Should boxing be banned in Australia?

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The issue
On April 6 2001 a 30-year-old Queensland professional boxer Ahmad Popal was fatally injured in a bout fought in Melbourne.
On April 23 2001 a 26-year-old Victorian amateur boxer Tricia Devellerez suffered severe brain injury in a bout fought in New Zealand.
Both these events have led to renewed calls from both the Australian medical Association and the Federal Health Minister, Dr Michael Wooldridge, for boxing to be banned in Australia. Supporters of boxing have argued that such a move would be an over-reaction.

What they said ...
'Professional boxing is a high-risk sport and we all know the dangers when we step through those ropes'
Tony Pappa, the boxer against whom Ahmed Popal was competing when he was fatally injured
'The whole purpose of boxing is to kill some of your opponent's brain cells and they don't ever recover'
Dr Trevor Mudge, the AMA national vice-president

Echo Issue Outline 2001 / 14
Copyright © Echo Education Services

First published in The Echo on-line newspaper information site.

Issue outline by J M McInerney

Australia currently has approximately 300 professional boxers and some 2,500 amateurs.Somewhat different regulations cover amateur and professional boxers. The following distinctions mark some of the major differences between professional boxing as practised in Victoria and amateur boxing.
(The regulations that govern amateur boxing apply in some 186 countries; the regulations governing professional boxing vary from one region or jurisdiction to another.)

Differences between amateur and professional boxing regulations
* Since 1984 all amateur boxers have been required to wear head guards during training and in fights.
Head guards were introduced into amateur boxing during the 1984 Los Angeles Olympics.
Professional boxers only wear head guards during training.
* Amateur boxers generally fight rounds of only two minutes, while professional boxers fight rounds of three minutes.
* Amateur boxers usually have bouts made up of three rounds, while professional boxers usually have bouts made up of six or more rounds.
* Amateur officials also claim that officials more readily stop their contests if a boxer appears glassy-eyed or unsteady on his feet.
Despite these differences, defenders of professional boxing maintain that the regulations governing their code are adequate.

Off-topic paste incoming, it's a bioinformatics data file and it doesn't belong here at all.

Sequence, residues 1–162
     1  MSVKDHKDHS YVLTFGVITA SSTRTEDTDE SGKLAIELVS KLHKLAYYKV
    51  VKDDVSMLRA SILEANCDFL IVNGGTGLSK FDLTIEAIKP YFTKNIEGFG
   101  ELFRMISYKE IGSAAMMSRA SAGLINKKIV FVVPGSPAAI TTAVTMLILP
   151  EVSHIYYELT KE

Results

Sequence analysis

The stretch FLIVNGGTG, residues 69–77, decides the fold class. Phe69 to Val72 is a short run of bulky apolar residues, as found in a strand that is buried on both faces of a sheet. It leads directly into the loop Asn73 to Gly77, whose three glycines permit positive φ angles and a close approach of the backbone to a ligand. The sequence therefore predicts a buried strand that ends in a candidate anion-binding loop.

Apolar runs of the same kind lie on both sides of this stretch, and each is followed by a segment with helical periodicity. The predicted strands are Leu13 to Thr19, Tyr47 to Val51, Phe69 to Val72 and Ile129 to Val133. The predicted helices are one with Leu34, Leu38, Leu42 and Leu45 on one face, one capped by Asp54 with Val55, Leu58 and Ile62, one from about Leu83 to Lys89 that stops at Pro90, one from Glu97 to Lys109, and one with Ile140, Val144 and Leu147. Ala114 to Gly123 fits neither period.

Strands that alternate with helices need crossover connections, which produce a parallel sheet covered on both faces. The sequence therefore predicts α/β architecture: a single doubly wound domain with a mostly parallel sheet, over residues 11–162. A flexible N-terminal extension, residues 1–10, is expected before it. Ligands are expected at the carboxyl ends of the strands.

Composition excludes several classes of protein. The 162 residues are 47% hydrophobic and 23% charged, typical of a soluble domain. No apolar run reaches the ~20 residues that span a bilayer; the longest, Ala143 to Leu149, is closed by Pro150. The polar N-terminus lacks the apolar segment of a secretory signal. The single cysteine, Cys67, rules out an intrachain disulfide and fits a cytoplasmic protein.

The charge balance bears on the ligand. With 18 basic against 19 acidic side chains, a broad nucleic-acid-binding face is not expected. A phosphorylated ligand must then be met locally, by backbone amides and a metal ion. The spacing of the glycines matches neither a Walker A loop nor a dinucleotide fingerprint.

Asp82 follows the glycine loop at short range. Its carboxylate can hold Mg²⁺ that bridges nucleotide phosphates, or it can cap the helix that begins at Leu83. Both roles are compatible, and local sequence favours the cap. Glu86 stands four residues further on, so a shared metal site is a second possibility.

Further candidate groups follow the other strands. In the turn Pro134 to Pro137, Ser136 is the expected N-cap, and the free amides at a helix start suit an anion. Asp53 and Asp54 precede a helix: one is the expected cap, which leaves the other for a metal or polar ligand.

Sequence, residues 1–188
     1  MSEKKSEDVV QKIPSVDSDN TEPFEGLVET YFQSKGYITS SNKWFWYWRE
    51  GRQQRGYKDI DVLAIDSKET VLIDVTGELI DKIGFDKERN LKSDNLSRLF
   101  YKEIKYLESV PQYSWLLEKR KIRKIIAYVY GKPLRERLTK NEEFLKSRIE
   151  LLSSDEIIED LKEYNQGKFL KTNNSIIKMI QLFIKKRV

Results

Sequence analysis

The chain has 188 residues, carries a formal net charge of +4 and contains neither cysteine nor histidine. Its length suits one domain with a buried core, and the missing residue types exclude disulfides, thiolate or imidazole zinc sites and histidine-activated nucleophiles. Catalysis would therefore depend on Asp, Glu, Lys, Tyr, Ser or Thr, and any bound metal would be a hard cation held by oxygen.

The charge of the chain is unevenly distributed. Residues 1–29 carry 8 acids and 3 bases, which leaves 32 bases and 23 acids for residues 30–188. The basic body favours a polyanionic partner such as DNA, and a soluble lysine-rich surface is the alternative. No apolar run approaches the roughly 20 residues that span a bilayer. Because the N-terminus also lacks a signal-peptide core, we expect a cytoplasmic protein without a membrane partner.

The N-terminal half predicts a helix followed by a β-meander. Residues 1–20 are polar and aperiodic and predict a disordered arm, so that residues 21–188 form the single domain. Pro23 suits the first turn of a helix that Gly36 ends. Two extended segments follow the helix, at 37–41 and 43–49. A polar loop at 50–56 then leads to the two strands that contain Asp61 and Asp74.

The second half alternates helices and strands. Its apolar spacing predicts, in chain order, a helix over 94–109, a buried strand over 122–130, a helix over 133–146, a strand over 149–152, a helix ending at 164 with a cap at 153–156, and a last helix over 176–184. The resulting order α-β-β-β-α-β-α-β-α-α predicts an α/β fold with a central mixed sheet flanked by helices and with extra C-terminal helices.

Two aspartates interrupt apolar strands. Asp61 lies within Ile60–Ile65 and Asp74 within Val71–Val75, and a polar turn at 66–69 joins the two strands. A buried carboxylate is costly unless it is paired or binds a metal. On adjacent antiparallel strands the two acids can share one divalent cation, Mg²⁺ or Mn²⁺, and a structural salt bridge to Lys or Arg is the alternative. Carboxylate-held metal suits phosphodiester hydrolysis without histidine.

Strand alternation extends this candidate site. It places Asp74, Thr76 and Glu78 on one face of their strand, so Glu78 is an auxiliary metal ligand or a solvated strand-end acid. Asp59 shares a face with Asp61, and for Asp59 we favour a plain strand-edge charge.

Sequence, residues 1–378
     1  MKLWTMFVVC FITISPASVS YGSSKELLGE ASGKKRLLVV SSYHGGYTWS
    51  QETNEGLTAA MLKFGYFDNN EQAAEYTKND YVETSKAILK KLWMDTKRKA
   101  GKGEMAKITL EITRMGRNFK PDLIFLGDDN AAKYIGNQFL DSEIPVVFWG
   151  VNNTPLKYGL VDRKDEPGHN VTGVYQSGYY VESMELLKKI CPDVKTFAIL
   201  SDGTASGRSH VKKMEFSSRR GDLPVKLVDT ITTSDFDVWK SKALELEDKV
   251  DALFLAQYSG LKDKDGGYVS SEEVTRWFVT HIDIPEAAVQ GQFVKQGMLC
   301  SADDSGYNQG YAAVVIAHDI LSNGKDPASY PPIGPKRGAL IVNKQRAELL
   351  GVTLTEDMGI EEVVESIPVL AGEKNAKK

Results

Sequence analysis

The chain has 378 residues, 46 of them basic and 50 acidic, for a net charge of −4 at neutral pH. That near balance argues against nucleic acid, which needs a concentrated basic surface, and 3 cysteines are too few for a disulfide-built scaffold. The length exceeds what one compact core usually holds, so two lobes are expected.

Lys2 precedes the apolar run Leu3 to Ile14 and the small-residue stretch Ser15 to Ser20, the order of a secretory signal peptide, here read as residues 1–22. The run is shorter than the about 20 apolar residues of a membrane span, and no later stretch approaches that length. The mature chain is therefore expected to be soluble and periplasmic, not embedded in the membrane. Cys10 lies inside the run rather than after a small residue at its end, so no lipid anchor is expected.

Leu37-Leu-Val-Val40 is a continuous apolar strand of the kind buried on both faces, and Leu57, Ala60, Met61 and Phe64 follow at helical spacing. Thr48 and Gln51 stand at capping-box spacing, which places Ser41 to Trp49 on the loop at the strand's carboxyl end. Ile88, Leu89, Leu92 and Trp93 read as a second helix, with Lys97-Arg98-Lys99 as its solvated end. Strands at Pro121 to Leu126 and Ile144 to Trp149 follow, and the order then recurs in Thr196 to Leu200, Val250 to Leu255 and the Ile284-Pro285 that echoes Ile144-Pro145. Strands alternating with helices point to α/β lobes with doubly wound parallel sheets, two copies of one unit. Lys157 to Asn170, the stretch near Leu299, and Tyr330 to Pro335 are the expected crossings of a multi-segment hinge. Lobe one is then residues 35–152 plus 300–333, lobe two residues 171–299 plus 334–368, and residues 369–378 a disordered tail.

Regulations governing professional boxing in Victoria
Professional boxing in Victoria is regulated by the Victorian Government and managed by the Professional Boxing Control Board. The Board is to ensure that government regulations are followed.

These regulations require
strict medical checks before and after bouts;
a minimum of at least a week's spell between short bouts;
a fortnight's spell for longer bouts, with a doctor able to order longer spells;
fighters must have a thorough medical each year to retain their licences;
trainers, referees and other officials must also be licensed;
a doctor attend all bouts and be able to halt any fight.

The Professional Boxing Control Board can cancel the licence of any fighter, trainer, referee or official.

There have been regular calls to ban boxing in Australia. These typically occur after a death or serious injury. State governments, not the federal government, regulate boxing in Australia. The Australian Medical Association has called for the banning of boxing in all Australian states for at least the last ten years.
Currently professional and amateur boxing between men is allowed in all Australian states and professional and amateur boxing is allowed between women in all states except New South Wales.
Professional boxing has been illegal in Sweden since 1970, and in Norway since 1981. Fighters from those countries now compete outside their national borders.

Internet links

* The Australian Medical Association's site can be found at
The AMA strongly supports a total ban on boxing, both professional and amateur. The site includes an AMA position paper on boxing. This can be found at
* The AMA has also issued a couple of media releases in April 2001, calling for the banning of boxing. One of these, 'We don't throw people to the lions: we should also ban boxing' be found at
* Also available is a transcript of an interview with AMA president, Dr Kerryn Phelps, detailing the type of head injury that can be sustained in boxing and rugby. The interview can be found at
* The AMA also issued a media release in April 2001 declaring its opposition to amateur as well as professional boxing and calling for the banning of each code. This release can be found at